Tripod Heads

You have a tripod, now let’s think about the head. For this post, I will only address the basics as tripod heads run the gamut in variations and applications. Many tripods come with a head but sometimes it could be better. A solid ball head should be a staple in your kit as it keeps your camera where it should be (in other words, no creeping from its locked position), can handle a variety of lenses without said creep, and not be frustrating to use. When shopping for a ball head, go for heads that have a good weight capability. If your camera plus lens weighs 6 pounds, don’t buy a ball head that has a 12 lb. capacity. It will not be strong enough and it will cause you pain. Think “overkill” when deciding on the weight capacity of ball heads. Take into account your heaviest lens in the assessment. Have a “big glass” on your wish list? Include that one in the assessment too. Also, consider ball heads that have more than one tilt notch so the camera can be shifted quicker. There are fantastic brands of tripod heads, some more expensive than others. I use Benro, ,Sunwayfoto, and ,Oben ball heads. These all have a weight capacity of over 60 pounds. Yes, overkill but no creep.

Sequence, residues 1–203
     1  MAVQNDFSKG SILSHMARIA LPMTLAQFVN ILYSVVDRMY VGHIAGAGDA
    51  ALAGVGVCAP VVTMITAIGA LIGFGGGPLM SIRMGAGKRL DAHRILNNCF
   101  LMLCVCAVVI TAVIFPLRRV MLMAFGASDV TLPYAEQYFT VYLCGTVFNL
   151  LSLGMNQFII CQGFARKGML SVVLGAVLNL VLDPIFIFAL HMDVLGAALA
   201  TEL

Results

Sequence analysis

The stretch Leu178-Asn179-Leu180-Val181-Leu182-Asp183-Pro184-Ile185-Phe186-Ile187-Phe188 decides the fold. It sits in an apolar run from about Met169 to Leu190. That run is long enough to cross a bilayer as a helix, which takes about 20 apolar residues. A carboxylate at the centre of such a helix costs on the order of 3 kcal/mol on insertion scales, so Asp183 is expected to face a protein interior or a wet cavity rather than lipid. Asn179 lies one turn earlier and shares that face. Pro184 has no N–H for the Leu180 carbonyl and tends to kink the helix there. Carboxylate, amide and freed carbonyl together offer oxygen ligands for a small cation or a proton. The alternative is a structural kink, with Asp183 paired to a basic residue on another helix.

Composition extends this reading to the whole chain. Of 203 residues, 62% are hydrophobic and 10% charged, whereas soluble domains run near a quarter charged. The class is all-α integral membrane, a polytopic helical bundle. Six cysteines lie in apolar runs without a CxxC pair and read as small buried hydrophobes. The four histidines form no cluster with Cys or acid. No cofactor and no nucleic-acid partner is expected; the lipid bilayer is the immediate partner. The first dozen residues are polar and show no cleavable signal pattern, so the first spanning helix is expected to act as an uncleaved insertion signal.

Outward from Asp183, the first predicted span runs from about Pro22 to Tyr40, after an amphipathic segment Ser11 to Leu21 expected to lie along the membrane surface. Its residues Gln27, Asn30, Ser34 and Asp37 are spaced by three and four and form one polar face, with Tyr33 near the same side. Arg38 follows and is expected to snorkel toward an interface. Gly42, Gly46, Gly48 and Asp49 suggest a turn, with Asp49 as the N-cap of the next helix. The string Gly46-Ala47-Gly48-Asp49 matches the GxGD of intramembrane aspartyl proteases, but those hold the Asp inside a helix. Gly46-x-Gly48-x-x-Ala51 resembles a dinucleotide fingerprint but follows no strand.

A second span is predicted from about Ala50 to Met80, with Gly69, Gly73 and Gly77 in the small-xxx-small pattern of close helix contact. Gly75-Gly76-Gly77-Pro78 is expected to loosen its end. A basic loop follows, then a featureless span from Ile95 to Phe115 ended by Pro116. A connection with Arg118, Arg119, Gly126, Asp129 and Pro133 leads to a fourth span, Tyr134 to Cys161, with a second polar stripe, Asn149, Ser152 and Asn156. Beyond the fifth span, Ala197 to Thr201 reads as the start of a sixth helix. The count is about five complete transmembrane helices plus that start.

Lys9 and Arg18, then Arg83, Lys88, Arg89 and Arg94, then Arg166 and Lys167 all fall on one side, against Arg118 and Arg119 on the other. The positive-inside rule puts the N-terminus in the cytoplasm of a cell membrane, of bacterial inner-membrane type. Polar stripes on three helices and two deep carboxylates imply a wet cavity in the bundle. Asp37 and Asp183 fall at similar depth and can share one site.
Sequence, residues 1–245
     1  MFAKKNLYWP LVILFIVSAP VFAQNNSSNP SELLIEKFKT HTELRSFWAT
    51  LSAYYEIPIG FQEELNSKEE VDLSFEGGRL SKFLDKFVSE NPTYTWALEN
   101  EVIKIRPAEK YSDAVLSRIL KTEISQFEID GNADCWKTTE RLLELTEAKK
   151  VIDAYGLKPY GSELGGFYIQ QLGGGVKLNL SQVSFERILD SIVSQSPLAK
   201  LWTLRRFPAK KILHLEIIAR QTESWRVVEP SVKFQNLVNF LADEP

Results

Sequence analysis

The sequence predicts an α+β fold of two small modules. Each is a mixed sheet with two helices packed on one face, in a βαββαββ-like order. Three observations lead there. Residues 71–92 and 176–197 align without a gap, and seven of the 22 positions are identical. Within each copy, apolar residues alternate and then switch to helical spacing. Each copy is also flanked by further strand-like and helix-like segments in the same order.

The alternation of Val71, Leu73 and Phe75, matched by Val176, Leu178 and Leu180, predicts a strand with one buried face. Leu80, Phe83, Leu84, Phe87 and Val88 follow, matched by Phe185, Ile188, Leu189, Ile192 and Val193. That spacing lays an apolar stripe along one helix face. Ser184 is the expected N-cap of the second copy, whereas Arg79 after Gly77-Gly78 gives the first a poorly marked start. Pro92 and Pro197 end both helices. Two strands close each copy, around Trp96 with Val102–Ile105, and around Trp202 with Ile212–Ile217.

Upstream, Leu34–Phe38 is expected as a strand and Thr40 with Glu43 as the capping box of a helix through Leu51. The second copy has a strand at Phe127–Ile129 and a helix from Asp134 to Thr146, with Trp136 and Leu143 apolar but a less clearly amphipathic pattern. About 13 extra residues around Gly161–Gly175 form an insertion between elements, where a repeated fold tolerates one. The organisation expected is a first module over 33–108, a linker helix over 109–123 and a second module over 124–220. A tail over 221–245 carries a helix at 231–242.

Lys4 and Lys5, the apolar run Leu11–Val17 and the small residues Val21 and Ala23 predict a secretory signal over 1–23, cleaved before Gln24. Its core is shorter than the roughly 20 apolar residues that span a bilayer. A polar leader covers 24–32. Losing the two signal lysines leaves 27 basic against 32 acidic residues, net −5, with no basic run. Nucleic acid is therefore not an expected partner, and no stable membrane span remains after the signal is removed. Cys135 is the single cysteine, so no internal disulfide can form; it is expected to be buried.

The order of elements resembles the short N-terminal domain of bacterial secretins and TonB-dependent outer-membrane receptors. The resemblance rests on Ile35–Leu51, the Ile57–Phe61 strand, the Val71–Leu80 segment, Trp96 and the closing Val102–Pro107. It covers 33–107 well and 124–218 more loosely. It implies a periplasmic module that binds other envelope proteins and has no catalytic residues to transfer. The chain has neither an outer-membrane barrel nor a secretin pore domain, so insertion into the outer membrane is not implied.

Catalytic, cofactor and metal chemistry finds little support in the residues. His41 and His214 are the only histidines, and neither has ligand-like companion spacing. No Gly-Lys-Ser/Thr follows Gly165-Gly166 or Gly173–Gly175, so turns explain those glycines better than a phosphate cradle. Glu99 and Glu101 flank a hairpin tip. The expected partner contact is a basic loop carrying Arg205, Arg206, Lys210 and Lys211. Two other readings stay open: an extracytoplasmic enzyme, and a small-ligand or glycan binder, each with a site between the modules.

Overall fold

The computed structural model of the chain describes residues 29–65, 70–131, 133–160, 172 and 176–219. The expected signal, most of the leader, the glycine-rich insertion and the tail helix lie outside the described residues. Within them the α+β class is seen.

Your first camera case is usually the one that comes with the camera. It holds the camera and maybe a second small lens and an extra battery. It soon becomes apparent this thing isn’t cutting it out in the field. This is similar to the tripod fiasco. As your gear expands, the case needs to be expandable as well. It needs to be rugged, holds your equipment safely, allows quick access to your stuff, and most importantly, can hold more than it appears it can. I have had a variety of cases through the years. Some I have sold off, others I have given away. As your photography experience increases, the tighter your case expectations become. I prefer backpacks and my favorites are made by ,ThinkTank. They wear like iron and they hold my cameras, lenses, and all the other stuff I carry comfortably and safely.